Alex Kerr tells the story of how he arrived late one afternoon at Kongo Sanmai-in, a temple that offers rooms to pilgrims and travellers and he was asked by one of the monks if he would like to see the Buddha in the main hall, but he said he was too tired. Later that evening, on the way to the bath, he passed a monk who remarked pleasantly how fortunate he had been to be able to see their Buddha of divine power. “Well, actually, we were planning to see it tomorrow”, he replied. The monk shook his head. “I’m afraid that won’t be possible. Sanmai-in’s Buddha is a hibutsu. Mt Koya’s other statues are sometimes put on display, or even lent to other temples, but this one has never left the mountain. This is the first time it has ever been shown to the general public. It’s called a five-hundred-year hibutsu. The doors closed at five o’clock today and you’ll have to wait another five hundred years if you want to see it.”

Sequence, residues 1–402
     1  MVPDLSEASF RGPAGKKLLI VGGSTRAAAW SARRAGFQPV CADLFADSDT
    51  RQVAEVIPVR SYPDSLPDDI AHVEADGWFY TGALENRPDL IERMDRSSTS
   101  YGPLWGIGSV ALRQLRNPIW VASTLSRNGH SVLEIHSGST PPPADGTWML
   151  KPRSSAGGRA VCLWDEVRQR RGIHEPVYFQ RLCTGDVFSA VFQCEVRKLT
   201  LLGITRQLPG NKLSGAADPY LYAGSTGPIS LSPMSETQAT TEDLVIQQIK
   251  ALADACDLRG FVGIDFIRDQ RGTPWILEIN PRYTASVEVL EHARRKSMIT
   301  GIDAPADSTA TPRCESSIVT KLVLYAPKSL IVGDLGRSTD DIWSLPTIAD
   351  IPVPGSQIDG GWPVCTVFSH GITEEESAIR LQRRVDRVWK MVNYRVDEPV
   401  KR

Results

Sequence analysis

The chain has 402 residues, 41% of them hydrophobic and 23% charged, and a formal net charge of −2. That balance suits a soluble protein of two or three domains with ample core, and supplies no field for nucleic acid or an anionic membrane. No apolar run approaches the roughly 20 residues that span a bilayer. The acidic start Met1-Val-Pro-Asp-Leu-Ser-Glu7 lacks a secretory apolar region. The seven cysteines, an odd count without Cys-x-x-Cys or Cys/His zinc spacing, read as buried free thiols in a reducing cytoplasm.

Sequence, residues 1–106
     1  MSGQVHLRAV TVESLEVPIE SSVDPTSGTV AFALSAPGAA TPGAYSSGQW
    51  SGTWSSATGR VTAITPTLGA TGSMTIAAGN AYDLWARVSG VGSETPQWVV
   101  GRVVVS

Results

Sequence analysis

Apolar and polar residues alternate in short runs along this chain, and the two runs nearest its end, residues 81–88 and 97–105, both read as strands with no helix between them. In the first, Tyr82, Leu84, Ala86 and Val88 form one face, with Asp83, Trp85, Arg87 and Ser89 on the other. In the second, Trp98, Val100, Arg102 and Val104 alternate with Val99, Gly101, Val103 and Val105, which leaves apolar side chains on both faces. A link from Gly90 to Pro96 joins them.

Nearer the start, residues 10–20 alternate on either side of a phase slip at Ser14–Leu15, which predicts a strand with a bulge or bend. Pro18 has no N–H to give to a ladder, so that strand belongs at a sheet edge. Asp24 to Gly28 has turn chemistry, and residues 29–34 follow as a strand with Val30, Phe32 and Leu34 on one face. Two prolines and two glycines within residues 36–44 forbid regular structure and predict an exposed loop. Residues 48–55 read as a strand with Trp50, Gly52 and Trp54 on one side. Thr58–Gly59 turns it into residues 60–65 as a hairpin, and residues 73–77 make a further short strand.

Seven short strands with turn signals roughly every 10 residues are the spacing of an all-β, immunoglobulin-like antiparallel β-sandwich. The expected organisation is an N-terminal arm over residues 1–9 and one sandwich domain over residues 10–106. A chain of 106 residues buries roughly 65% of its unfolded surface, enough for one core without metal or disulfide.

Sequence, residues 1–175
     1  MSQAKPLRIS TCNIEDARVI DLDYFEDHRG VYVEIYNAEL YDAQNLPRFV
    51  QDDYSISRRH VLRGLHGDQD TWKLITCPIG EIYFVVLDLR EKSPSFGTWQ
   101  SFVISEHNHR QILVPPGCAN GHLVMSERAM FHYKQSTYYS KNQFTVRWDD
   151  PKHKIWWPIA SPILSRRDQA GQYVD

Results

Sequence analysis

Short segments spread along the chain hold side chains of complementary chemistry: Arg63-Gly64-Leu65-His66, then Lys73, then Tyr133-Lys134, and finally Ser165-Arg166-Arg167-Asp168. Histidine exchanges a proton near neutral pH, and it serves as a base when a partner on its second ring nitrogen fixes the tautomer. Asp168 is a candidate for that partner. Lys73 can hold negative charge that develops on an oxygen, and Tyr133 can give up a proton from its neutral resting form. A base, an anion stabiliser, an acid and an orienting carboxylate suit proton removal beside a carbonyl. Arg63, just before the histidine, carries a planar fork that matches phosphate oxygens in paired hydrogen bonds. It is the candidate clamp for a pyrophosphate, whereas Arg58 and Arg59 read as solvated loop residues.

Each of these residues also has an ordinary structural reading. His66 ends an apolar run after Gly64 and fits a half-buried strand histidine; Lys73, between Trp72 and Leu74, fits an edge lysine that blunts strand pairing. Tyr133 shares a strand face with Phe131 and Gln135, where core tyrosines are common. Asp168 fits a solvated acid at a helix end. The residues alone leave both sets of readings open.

The “five-hundred year hibutsu” is good rule for travellers and today, finding myself in Tokyo on one of the very rare days that the Emperor opened the inner garden of the Imperial Palace to the public there was no way I was going to miss the chance to stroll in the Emperor’s garden. The word stroll implies a quiet contemplative walk, but what I hadn’t bargained for was the fact that the Emperor himself would be there with his family so I had to share the walk with 100,000 Japanese who didn’t want to miss the chance to see their Royal family. And so the fascination of the visit turned out not to be the Emperor’s garden (which didn’t amount to much after all) but the sight of his Palace, surprisingly made of concrete and steel, and the Emperor and his family waving at us from a balcony behind bullet proof glass and the enthusiasm of a multitude of Japanese, waving their national flag.